This information was sourced from the U.S. Green Building Council website
LEED is flexible enough to apply to all building types – commercial as well as residential. It works throughout the building lifecycle – design and construction, operations and maintenance, tenant fitout, and significant retrofit. And LEED for Neighborhood Development extends the benefits of LEED beyond the building footprint into the neighborhood it serves.
Monitoring Waste Performance
Once submitting the points, they will be reviewed.
Despite its name and Washington, D.C. location, the USGBC is an independent non-profit organization and not a government-run agency, which receives most of its funding through certification fees and educational conferences. As early as 1998, the USGBC determined that the lack of definition and consensus about what constituted a green building had the potential to create a wild west atmosphere, in which anyone could claim practically any building as being environmentally friendly and sustainable. The first LEED-certified building went up in 2000 and currently, there are more than 10,000 structures worldwide that tout this status. Clearly, the incentive to erect green buildings exists, but how sustained and effective LEED’s impact will ultimately be on global warming and reduced pollution is up for debate. What it clearly can do, however, is provide a definitive framework within which builders can operate when green is the goal, and also incite greater use of environmentally friendly measures like installation of low-VOC emitting carpets and low-flow water systems, better ventilation and even more daylighting in schools and office buildings. These simple line items can result in better working conditions and arguably, happier, more productive students and employees. Such was the case at PNC Financial Services Group, who LEED certified several of its branches as early as 2002 and now claims higher employee engagement and raised awareness of meaningful sustainability goals, as well as cost savings, as a result. But for those truly interested in highly impactful, greener initiatives globally, is this enough?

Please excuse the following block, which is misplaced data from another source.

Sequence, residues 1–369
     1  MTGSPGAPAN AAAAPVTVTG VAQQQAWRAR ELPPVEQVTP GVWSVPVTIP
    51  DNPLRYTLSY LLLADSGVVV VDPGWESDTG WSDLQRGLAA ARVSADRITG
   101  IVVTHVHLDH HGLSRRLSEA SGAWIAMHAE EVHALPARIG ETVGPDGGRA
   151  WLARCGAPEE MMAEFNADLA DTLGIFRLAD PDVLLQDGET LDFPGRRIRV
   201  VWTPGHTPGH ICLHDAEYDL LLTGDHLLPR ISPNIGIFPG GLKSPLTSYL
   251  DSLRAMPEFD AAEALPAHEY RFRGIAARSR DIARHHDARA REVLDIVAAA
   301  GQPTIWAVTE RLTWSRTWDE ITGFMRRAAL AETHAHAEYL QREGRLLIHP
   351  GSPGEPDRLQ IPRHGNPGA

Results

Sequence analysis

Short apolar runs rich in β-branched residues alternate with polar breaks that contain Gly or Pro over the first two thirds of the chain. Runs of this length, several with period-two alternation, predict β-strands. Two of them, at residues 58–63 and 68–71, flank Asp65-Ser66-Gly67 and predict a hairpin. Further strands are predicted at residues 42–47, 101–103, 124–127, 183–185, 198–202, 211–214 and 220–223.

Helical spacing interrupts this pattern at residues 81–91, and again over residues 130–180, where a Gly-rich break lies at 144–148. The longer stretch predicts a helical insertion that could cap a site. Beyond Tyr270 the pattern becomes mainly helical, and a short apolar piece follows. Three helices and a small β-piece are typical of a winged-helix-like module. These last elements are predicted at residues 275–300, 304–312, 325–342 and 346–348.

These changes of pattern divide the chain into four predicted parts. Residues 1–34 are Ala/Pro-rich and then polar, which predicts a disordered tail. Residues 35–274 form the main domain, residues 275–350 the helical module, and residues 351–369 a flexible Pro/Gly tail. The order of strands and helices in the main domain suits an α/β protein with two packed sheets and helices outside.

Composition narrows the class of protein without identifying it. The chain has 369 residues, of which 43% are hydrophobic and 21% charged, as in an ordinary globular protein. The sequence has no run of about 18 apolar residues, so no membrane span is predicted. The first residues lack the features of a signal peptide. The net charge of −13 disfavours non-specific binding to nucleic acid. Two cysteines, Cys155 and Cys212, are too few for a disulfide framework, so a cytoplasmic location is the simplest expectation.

A little over a dozen years ago, the US Green Building Council (USGBC) established LEED in response to a perceived need that specific and determined standards and third-party verification be required in order for structures to be considered “green,” or environmentally friendly. LEED, which stands for Leadership in Energy and Environmental Design, is a certification program focused primarily on new, commercial-building projects and based upon a points system.
Utilize this data center disaster recovery plan template and development checklist to assess how your data center facility and its infrastructure would perform during a disaster.
On its Web site, the USGBC says that LEED defines “a nationally accepted benchmark for the design, construction and operation of high-performance green buildings” and “provides building owners and operators with the tools they need to have an immediate and measurable impact on their buildings’ performance.” According to the American Institute of Architects, the 69 LEED points that make up the program’s specific design points and considerations can be reviewed in a two-hour meeting, during which time the design team and the owner can decide what level of LEED compliance is desirable for their building project.
Schools Cressida: Stowe, Leeds University where she studied dance.
Leeds ships as much as 1,000 tons of garbage a month to countries including Norway.